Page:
It has been known for some time that in long-term cultures of mouse bone marrow, more hematopoietic progenitors are found associated with the stromal layer than are found free in the medium. If catalase treatment were only to alter the distribution of the progenitors, more CFU-Cs would be found in the nonadherent fraction without any overall increase in progenitors. The adherent layer would be depleted of progenitors. To test this possibility, we harvested the progenitor population associated with the adherent layer by trypsinizing the layer (after the removal of the nonadherent cells). A single suspension was prepared, fibroblasts removed by allowing them to reattach to plates, and the newly released and now nonadherent cells assayed. The results are shown in Table 2. Progenitors in both the nonadherent and the adherent compartments were increased by catalase treatment. The changes induced by catalase were of similar magnitude in both locations and the increased number of progenitors found in the nonadherent fraction cannot be the result of redistribution of progenitors from the adherent layer.

Table 2.

Effect of catalase on the distribution of progenitors in LTBMCs




Adherence

Cell count/culture, × 106

CFUs/100 000 cells

CFUs/culture
Control   No   2.6   32   832  
Control   No   2.4   20   480  
Catalase   No   2.3   180   4 140  
Catalase   No   2.0   370   7 400  
Control   Yes   2.5   62   1 550  
Control   Yes   4.1   32   1 312  
Catalase   Yes   3.1   250   7 750  
Catalase
 
Yes
 
4.0
 
542
 
21 680
 



Adherence

Cell count/culture, × 106

CFUs/100 000 cells

CFUs/culture
Control   No   2.6   32   832  
Control   No   2.4   20   480  
Catalase   No   2.3   180   4 140  
Catalase   No   2.0   370   7 400  
Control   Yes   2.5   62   1 550  
Control   Yes   4.1   32   1 312  
Catalase   Yes   3.1   250   7 750  
Catalase
 
Yes
 
4.0
 
542
 
21 680
 

The increase in progenitors Sca-1+, Gr-1-, Mac-1-, Ter 119-, CD3-, and CD4- (lineage negative; LIN-) cells accumulate in catalase-treated LTBMCs (Figure 3). By the third week of culture greater than 90% of the nonadherent cells were Sca-1+ and a significant proportion of these (36% of 90%) were LIN-. In terms of absolute numbers, the Sca-1+/LIN- population increases 80-fold from approximately 3500 cells (0.5% of 7 × 105 low-density BMCs used to initiate the cultures) to approximately 240 000 (24% of 1.05 × 106) cells after 2 weeks in culture and reaches a maximum of approximately 280 000 (36% of 780 000) cells at week 3. If the losses caused by the removal of half of the nonadherent cells at each weekly feeding are taken into account, the absolute increase in Sca-1+/LIN- cells is greater than 500-fold.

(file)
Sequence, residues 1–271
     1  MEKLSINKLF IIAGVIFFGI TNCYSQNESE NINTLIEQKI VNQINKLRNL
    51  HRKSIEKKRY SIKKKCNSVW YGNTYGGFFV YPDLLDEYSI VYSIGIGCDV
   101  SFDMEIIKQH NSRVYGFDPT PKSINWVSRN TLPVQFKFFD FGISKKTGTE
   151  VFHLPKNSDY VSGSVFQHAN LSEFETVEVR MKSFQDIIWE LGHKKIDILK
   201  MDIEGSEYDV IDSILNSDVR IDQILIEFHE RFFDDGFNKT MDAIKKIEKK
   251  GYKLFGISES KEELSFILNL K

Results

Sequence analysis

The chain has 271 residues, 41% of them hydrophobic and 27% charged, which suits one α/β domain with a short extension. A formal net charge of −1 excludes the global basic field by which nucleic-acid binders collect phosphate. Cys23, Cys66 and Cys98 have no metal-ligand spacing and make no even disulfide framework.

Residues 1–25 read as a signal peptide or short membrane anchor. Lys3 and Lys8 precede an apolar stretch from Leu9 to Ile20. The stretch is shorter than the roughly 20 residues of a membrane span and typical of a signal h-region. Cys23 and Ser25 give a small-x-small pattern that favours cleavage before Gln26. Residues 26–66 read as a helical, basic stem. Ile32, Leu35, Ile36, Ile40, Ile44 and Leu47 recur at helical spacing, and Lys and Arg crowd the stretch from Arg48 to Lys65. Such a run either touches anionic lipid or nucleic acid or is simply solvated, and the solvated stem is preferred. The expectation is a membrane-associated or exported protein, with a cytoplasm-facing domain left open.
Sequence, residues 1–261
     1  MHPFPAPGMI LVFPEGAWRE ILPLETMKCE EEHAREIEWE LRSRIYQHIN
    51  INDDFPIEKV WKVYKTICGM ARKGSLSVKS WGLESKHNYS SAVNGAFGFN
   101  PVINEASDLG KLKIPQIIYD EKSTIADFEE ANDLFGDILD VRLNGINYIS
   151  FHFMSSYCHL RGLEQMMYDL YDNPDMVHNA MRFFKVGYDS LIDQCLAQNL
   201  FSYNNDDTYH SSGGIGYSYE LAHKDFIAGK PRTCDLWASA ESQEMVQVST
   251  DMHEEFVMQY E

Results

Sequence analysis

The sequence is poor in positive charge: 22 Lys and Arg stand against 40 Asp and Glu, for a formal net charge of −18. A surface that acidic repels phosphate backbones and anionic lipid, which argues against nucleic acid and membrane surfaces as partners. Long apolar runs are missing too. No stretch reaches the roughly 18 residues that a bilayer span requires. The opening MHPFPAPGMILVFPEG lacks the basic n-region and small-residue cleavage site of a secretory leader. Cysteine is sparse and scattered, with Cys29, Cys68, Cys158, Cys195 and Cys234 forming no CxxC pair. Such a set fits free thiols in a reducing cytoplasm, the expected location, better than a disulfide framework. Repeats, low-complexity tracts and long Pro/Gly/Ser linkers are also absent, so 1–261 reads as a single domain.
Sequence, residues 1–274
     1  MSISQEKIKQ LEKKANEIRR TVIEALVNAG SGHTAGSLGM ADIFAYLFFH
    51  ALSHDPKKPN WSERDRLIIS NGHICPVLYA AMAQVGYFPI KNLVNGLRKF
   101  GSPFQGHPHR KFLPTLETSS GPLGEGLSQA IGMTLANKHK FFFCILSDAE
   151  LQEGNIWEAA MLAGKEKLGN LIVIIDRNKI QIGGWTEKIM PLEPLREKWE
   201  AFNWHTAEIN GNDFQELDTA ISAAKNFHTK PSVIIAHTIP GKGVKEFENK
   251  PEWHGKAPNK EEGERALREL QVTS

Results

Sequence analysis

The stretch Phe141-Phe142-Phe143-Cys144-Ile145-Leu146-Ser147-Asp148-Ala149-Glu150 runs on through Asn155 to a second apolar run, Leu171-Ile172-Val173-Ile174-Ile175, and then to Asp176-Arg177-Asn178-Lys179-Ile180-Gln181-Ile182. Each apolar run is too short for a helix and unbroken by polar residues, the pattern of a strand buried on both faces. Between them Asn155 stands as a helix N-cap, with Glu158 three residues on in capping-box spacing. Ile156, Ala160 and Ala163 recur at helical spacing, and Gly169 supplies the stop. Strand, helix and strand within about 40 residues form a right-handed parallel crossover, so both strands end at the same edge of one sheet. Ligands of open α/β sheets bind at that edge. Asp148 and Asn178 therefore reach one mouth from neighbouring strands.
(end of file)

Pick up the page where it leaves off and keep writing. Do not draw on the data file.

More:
The Sca-1+/LIN- phenotype is characteristic of HSCs and early myeloid progenitors.22-24  It is a heterogeneous population and can be subdivided on the basis of the expression of c-Kit, FcγR (CD16/CD32), and IL7Rα. Thus, in another experiment, after 18 days in culture 30.5% of the cells removed from catalase-treated cultures were LIN- (Figure 4A; Table 3). After catalase treatment 50% of the LIN- cells were Sca-1+ and virtually all of these Sca-1+/LIN- cells are c-Kit+ (49.6% Sca-1+ c-Kit+ of 50.5% Sca-1+ cells). Approximately 15% of the cells recovered from LTBMCs grown in the presence of catalase have the phenotype described for HSCs. This Sca-1+/LIN-/c-Kit+ population also expresses intermediate amounts of FcγR (Figure 4B, middle) but does not express IL7Rα (Figure 4B, right). In addition to cells with a stem cell phenotype these cultures contain many cells (∼23%) with the phenotype ascribed to a “clonogenic common myeloid progenitor.”23  These cells, which are Sca-1-/LIN- and FcγR bright (Figure 4B, middle), are also predominantly c-Kit+ (Figure 4B, left). Cells with the phenotype of the “common lymphoid progenitor” (IL7Rα+/Sca-1low/c-Kitlow)24  were not detected (Figure 4B, right, C, right). Cells with a stem cell phenotype (Sca-1+/LIN-/c-Kit+) were approximately 200 to 500 times more plentiful in the catalase-treated cultures than in the control (Figure 4B, right, C, right; Table 3).